I get this question a lot. And I wish I could answer it. Even though I was given a formal diagnosis of minocycline induced ANCA vasculitis, I was cautioned that no one felt 100% about this outcome, due to the inconclusive results from my lung biopsy.
Ummm, but what is minocycline induced ANCA vasculitis? The antibiotic (minocycline) I was taking for my acne triggered vasculitis, which is inflammation of blood vessels. The ANCA means it’s autoimmune, so my body is mistakenly attacking the blood vessels, causing damage. And for my case, the damage started in my lungs. Because vasculitis is systemic, we are always on the watch for signs and symptoms that it is spreading. Such as the nose bleads and high creatinine levels, indicating issues with my kidneys. These are both areas with high density of small blood vessels, making them likely next spots to see vasculitis. But the nose bleeds are pretty much non-existent now, and the preliminary kidney biopsy results don’t show signs of vasculitis. So what gives?
Another possibility previously mentioned, is cryptogenic organizing pneumonia. This is where your body thinks you have pneumonia, so it starts fighting off the pneumonia. But because you really don’t have it, your body damages good cells. The treatment for this disease is also steroids (very convenient for me), but typically it does not need the second round of immunosuppressants. Even though about 50% of patients will see reoccurrences again, steroids would just be taken again. I will admit, the explanation of “your body thinking you have pneumonia but you don’t”, came from doctors I saw in the hospital. I have not been able to find any similar description during my online research.
So because of these other possible signs that the disease is spreading (nose bleeds and kidneys), my rheumatologist wants me to start taking Imuran, which is an immunosuppressant. Even though Imuran is considered one of the less intense drug choices, it still has significant side effects and I would need to commit to taking the drug for 3 to 4 years. This is the time frame that clinical studies have shown is needed for the drug to take full effect. And then when I would be off the drug, there is no guarantee that I am cured. Relapse is still a possibility.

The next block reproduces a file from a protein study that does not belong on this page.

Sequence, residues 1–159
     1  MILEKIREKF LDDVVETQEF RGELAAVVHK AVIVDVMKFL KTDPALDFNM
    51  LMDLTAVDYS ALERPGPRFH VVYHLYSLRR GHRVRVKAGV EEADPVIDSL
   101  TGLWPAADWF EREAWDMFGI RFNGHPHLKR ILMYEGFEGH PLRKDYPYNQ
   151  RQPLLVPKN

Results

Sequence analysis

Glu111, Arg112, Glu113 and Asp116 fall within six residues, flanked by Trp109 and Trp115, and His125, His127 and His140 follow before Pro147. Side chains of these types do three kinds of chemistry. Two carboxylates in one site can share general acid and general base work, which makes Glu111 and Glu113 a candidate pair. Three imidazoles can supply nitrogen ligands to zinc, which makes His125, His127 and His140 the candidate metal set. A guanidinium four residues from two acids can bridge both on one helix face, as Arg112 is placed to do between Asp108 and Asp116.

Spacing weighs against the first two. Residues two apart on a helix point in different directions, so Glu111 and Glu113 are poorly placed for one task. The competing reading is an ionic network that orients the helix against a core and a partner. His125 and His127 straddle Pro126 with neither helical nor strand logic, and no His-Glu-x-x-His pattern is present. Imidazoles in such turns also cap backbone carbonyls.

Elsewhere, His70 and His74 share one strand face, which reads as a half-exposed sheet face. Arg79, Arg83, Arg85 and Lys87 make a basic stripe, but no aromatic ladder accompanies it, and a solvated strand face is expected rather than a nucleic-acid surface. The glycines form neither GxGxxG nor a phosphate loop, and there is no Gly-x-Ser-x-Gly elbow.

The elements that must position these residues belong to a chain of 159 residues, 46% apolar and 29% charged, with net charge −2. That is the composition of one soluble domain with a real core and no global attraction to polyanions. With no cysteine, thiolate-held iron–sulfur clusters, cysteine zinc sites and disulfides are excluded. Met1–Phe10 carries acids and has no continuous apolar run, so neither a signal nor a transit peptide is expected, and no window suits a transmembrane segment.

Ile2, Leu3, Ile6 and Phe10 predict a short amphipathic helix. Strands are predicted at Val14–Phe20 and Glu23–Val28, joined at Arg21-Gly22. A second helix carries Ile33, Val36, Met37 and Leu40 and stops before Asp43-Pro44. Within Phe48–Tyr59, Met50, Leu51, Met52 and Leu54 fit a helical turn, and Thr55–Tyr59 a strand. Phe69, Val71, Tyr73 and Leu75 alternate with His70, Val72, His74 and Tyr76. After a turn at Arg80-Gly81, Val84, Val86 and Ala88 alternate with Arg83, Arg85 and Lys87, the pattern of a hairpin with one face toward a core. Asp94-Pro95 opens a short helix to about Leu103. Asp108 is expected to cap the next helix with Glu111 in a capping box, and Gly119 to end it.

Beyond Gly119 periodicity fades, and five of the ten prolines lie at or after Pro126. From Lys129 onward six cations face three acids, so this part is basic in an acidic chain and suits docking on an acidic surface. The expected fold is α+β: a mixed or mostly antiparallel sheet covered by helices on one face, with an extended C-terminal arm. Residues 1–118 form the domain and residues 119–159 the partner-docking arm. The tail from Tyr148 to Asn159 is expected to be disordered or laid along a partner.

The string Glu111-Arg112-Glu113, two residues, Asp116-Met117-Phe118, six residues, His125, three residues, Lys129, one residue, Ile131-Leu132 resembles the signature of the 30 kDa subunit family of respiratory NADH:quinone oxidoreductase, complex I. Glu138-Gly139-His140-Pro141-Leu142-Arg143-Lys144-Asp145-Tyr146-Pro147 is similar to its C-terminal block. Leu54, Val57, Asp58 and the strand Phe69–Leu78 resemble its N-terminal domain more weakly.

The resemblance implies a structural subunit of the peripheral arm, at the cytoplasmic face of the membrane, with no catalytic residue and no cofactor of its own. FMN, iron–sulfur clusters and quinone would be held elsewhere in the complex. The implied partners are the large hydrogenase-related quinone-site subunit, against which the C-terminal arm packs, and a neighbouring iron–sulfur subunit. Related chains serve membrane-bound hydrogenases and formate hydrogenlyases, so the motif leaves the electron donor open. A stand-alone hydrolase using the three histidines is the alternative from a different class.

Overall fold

Up until this point, I have avoided seeking a second opinion, for a number of reasons: I really like all my specialists and don’t question their medical advice; I accept that medicine is not an exact science and there will be unknowns; I have been content with the treatment and progress I have made to date; and I don’t feel as though I am not getting the medical aid I need.
But now that I am second-guessing the decision to start the Imuran, I am seeking a second opinion. A friend from many moons ago through theatre, shared with me her personal connection to vasculitis and passed along the name of a specialist in Vancouver. I am so grateful that she did. I have contacted him, and he has agreed to look at my lung biopsy. However he explained to me that he is a pathologist and cannot comment on treatment going forward, so instead passed along the name of a Mayo Clinic doctor in Minnesota. Now I need to get to my doctor’s office to begin the paperwork of getting these two doctors my medical files for their review. And then we will go from there… (I think this will relieve some concern my friends were feeling for me too.)
I still don’t know how I feel about all of this. But I do feel a bit rushed and under pressure, as the Imuran is waiting for me to take it. And there is only a small window to begin it, in correlation with tapering the prednisone.
As for my arm, the infection is almost all gone. I finished the two weeks of antibiotics and I am still supposed to use the topical ointment. I have been given approval to finish the tattoo, but not for another month to let the skin heal more. Another thing I will need to decide how to proceed with.